The study subjects including a total of 192 patients with RA and 192 healthy subjects were recruited from China Medical University Hospital in Taiwan. Patients with RA according to the revised America College of Rheumatology criteria were enrolled . Nephelometry was used to detect rheumatoid factor (RF). Values ≧ 30 IU/mL were defined as positive. The presence or history of extra-articular manifestations in patients with RA was recorded . The healthy control from the general population was selected from health examination. All individuals’ samples were collected by venipuncture for genomic DNA isolation. Informed consent was obtained from all participants and was approved by the local Ethics Committee.
2.2. Genomic DNA Extraction and Genotyping
Genomic DNA was prepared from peripheral blood according to standard protocols of the DNA extraction kit (Qiagen, Valencia, CA, USA). The four MUTYH single nucleotide polymorphisms (SNPs) (rs3219463, rs3219476, rs3219489, and rs3219493) were detected by a polymerase chain reaction-restriction fragment length polymorphism technique (PCR-RFLP). PCRs for MUTYH gene polymorphisms were carried out in a 50 μL reaction mixture containing 50 ng of genomic DNA, 2 to 6 pmole of each primer, 1 × Taq polymerase buffer (1.5 mM MgCl2), and 0.25 U of AmpliTaq DNA polymerase (Applied Biosystems). The primers, PCR conditions, and restriction enzyme cutting sites used to determine MUTYH polymorphisms were listed in Table 1.
2.3. Haplotype Analysis
Haplotypes were inferred from unphased genotype data using the Bayesian statistical method available in the software program Phase 2.1 [19, 20]. All four SNPs were analyzed with the Phase 2.1 software and the population data were divided into 12 groups, from Ht1 to Ht12. A linkage disequilibrium (LD) map was constructed using Haploview software (version 4.2; http://www.broadinstitute.org/scientific-community/science/programs/medical-and-population-genetics/haploview/haploview) to estimate the correlation coefficient between those SNPs.
2.4. Statistical Analysis
The chi-square test was utilized to evaluate the Hardy-Weinberg equilibrium in genotypic distributions. Also, the genotype frequency and allelic frequency distributions of the polymorphisms in both RA patients and healthy subjects were compared by the chi-square method (2 × 3 table for genotype frequency; 2 × 2 table for allele frequency) by using the SPSS Version 10.0 software (SPSS Inc., Chicago, IL, USA). Results were considered significant when the values were <0.05. The Bonferroni method was used to correct for multiple testing. The odd ratios (OR) were also calculated from the genomic and allelic frequencies, with a 95% confidence interval (95% CI).
3.1. Demographic Characteristics of Control Subjects and RA Patients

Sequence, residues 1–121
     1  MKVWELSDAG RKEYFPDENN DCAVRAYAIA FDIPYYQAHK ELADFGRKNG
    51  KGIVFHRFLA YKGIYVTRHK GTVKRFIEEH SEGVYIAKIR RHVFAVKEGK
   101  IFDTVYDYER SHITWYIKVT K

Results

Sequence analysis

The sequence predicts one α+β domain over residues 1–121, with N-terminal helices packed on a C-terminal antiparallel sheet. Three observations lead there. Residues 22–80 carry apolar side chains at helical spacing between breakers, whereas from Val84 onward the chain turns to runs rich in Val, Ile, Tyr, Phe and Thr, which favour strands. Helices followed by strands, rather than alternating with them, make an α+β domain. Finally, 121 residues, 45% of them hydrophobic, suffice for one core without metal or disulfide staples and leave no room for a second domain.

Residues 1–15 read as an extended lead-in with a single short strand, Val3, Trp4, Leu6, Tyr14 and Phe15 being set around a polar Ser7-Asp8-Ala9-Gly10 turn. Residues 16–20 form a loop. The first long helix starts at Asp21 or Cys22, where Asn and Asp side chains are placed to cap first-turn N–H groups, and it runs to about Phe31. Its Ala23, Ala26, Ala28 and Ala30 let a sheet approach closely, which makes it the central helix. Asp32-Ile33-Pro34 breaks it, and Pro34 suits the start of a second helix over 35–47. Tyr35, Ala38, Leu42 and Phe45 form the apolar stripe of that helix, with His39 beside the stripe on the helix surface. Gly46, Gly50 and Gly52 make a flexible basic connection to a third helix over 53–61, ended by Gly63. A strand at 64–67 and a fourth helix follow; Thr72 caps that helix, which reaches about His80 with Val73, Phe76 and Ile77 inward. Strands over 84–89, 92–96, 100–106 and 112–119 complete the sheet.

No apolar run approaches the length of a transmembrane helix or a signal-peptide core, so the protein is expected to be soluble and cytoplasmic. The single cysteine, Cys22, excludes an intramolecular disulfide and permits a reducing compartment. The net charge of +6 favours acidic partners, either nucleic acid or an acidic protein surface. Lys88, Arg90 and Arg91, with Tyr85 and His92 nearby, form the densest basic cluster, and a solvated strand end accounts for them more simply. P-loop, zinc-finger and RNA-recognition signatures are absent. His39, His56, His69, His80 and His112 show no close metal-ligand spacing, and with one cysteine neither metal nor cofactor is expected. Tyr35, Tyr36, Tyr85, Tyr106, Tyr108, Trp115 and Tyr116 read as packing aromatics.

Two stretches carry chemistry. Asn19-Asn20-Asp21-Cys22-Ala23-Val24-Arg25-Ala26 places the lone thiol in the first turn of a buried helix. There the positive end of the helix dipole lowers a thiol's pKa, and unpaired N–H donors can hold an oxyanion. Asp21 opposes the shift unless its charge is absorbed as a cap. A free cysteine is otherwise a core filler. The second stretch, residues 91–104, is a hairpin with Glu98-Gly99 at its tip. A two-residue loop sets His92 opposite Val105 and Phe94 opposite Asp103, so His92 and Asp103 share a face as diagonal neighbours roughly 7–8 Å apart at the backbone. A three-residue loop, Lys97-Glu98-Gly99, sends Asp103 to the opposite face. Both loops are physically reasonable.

A case and control association study was performed. As shown in the Supplementary Table 1 available online at http://dx.doi.org/10.1155/2015/893796, there are no significant differences in gender and age between control subjects and RA patients. Within the 192 RA patients, 151 people were female and the mean age was 53.4 years. In the healthy controls, 151 people were female and the mean age was 50.5.
3.2. Allele and Genotype Frequency of MUTYH Polymorphisms
Of the four tested SNPs, three SNPs were found to be in Hardy-Weinberg equilibrium ( value > 0.05); however, the genotype distribution of the rs3219476 was not compatible with Hardy-Weinberg equilibrium. The genotype, allele, dominant, and recessive distributions of the 4 polymorphisms are shown in Table 2.
|95% CI: 95% confidence intervals.|
value of <0.05 was determined as statistically significant. The chi-square test was performed to obtain the value.
value: value corrected by Bonferroni correction.
Comparison of the genotypes between individuals with RA and the control groups revealed significant differences in the frequency of 2 MUTYH gene polymorphisms, rs3219463 and rs3219476. The values were corrected for multiple comparison by Bonferroni correction, represented as value. For the rs3219463 G/A polymorphism, the value was 0.00024 and the odds ratio (OR) was 1.16 (95% confidence interval (CI) 0.62–2.17) for the heterozygous mutant G/A, and 0.41 (95% CI 0.21–0.82) for the homozygous mutant G/G. There was also a significant difference for the polymorphism rs3219476 T/G (); the OR was 2.12 (95% CI 1.26–3.59) for the heterozygous mutant T/G and 3.81 (95% CI 1.81–8.04) for the homozygous mutant T/T. However, there was no significant difference between the RA patients and control individuals for rs3219489 or rs3219493. The differences in allele frequencies of these polymorphisms between individuals with and without RA were similar to the results of the genotypes frequencies (Table 2). There were significant differences in allele frequencies for the rs3219463 (, OR 0.63, and 95% CI 0.47–0.84) and rs3219476 polymorphism (, OR 1.56, and 95% CI 1.17–2.07), while the allele frequencies of the rs3219489 and rs3219493 polymorphisms were not significantly different ( and 2.684, resp.). The dominant and recessive distributions of these two RA-related SNPs also presented significant differences of the frequencies, except for dominant distribution of rs319463. These results demonstrate a significant difference in the allele, genotype, dominant, and recessive distribution for the rs3219463 and rs3219476 polymorphisms between the RA and control groups.